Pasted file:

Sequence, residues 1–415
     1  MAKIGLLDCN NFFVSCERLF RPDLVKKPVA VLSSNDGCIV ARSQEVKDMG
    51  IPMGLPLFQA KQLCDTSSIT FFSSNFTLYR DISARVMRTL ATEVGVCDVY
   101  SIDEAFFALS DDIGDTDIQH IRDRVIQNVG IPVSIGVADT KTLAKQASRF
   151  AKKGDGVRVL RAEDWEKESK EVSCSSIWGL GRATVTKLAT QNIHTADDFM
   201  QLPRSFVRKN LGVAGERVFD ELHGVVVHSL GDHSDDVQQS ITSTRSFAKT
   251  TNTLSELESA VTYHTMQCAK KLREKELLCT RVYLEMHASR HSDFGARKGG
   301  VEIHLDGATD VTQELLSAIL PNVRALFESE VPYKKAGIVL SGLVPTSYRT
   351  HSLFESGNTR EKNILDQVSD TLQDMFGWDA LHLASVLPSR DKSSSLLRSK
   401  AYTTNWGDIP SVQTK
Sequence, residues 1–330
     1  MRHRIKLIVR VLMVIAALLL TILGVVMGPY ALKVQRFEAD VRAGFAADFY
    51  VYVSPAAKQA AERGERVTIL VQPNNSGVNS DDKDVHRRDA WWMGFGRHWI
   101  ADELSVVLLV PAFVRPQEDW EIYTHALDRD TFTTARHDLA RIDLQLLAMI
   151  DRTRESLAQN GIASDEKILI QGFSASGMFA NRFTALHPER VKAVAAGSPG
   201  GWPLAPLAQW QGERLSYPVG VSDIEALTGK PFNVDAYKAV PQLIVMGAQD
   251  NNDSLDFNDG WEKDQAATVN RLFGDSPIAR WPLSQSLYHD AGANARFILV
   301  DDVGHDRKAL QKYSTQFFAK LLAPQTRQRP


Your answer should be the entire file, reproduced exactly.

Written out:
Sequence, residues 1–415
     1  MAKIGLLDCN NFFVSCERLF RPDLVKKPVA VLSSNDGCIV ARSQEVKDMG
    51  IPMGLPLFQA KQLCDTSSIT FFSSNFTLYR DISARVMRTL ATEVGVCDVY
   101  SIDEAFFALS DDIGDTDIQH IRDRVIQNVG IPVSIGVADT KTLAKQASRF
   151  AKKGDGVRVL RAEDWEKESK EVSCSSIWGL GRATVTKLAT QNIHTADDFM
   201  QLPRSFVRKN LGVAGERVFD ELHGVVVHSL GDHSDDVQQS ITSTRSFAKT
   251  TNTLSELESA VTYHTMQCAK KLREKELLCT RVYLEMHASR HSDFGARKGG
   301  VEIHLDGATD VTQELLSAIL PNVRALFESE VPYKKAGIVL SGLVPTSYRT
   351  HSLFESGNTR EKNILDQVSD TLQDMFGWDA LHLASVLPSR DKSSSLLRSK
   401  AYTTNWGDIP SVQTK
Sequence, residues 1–330
     1  MRHRIKLIVR VLMVIAALLL TILGVVMGPY ALKVQRFEAD VRAGFAADFY
    51  VYVSPAAKQA AERGERVTIL VQPNNSGVNS DDKDVHRRDA WWMGFGRHWI
   101  ADELSVVLLV PAFVRPQEDW EIYTHALDRD TFTTARHDLA RIDLQLLAMI
   151  DRTRESLAQN GIASDEKILI QGFSASGMFA NRFTALHPER VKAVAAGSPG
   201  GWPLAPLAQW QGERLSYPVG VSDIEALTGK PFNVDAYKAV PQLIVMGAQD
   251  NNDSLDFNDG WEKDQAATVN RLFGDSPIAR WPLSQSLYHD AGANARFILV
   301  DDVGHDRKAL QKYSTQFFAK LLAPQTRQRP